From love letters to mail-order pornography – on the long history of LGBT communities finding solace in the anonymity of the postal system
‘Come back, I must see you at once.’ So telegrams the heroine of The Well of Loneliness to her lover, Angela, who is holidaying with her husband. Written in 1928 by Radclyffe Hall, the novel exposes society’s prejudice towards gay relations. The text itself raises suspicions at the village post office in rural Worcestershire from which it is being sent. ‘The clerk counted the words with the stump of a pencil, then she looked at Stephen rather strangely.’ For Stephen – the name an affectation of the protagonist’s late father, who had been expecting a boy – the urgency in the request comes from the fear that she is losing the affection of a sweetheart. Had she been in a mood to tread carefully, she might have used the more private, but slower, postal system.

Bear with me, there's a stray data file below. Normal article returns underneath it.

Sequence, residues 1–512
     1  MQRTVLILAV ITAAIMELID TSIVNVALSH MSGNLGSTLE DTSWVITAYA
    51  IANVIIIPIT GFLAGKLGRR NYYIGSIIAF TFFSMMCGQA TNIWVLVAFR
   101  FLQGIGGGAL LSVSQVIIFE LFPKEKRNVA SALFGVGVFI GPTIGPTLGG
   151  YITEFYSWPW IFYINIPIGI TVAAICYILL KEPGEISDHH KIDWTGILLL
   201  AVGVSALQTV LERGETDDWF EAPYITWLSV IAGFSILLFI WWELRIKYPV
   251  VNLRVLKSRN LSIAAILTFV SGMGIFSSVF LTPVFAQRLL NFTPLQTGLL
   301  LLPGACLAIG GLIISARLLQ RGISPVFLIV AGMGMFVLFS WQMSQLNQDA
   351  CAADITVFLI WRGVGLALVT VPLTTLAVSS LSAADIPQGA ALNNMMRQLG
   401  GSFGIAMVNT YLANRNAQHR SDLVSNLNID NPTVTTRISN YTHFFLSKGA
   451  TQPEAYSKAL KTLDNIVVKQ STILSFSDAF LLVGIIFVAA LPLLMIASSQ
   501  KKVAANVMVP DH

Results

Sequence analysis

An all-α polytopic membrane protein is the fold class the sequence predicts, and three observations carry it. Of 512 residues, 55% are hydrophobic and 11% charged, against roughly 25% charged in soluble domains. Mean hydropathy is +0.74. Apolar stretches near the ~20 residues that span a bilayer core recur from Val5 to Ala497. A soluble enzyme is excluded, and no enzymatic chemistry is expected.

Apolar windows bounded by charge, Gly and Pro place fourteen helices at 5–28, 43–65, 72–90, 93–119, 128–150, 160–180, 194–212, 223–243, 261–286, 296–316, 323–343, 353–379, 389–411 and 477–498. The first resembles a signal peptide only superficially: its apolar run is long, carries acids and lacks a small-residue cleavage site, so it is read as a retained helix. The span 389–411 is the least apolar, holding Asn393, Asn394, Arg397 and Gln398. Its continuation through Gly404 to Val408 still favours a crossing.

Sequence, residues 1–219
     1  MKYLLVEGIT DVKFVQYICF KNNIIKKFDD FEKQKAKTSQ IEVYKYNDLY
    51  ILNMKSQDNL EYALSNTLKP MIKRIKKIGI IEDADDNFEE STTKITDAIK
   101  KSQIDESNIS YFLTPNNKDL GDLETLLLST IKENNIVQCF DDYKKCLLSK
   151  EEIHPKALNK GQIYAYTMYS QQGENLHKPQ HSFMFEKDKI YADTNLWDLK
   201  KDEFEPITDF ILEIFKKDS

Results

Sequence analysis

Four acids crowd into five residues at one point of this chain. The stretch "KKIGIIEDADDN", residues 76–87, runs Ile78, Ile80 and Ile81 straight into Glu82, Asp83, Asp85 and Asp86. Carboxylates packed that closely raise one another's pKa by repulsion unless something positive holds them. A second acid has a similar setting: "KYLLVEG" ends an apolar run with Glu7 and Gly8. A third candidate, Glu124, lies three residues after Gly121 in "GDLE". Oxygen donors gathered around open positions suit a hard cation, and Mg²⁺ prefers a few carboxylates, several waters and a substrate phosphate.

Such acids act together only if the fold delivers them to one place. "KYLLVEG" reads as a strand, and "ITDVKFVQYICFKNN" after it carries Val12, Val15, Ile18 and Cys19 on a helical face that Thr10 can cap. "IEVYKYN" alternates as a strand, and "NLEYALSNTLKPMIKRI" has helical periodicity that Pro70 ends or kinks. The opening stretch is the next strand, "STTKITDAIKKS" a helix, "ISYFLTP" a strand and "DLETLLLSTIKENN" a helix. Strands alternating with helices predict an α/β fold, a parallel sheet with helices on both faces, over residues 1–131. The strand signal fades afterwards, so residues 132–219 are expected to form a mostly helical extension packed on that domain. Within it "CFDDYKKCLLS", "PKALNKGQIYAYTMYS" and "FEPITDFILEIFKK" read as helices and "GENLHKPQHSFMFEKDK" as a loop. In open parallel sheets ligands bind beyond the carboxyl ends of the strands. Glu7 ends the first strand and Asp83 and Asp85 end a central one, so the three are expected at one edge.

In 1840 the Royal Mail introduced the Uniform Penny Post, a reform that allowed anyone to post a letter from one location to another within the UK for the cost of a penny. It was a hugely democratising moment, making mailed correspondence available to great swathes of the population for the first time. It also allowed for far greater privacy, a factor that raised hackles with conservatives of the time, who feared it would permit the kind of illicit relations that entangled Stephen and Angela. Today of course email and social media have superseded the letter (not to mention the telegram), leaving the economic viability of postal services under threat. In the UK Royal Mail share prices have plummeted since the company was privatised in 2013, and in the US the Postal Service has become yet another enemy to be squashed by Donald Trump, collateral damage in the president’s ongoing battle with Amazon.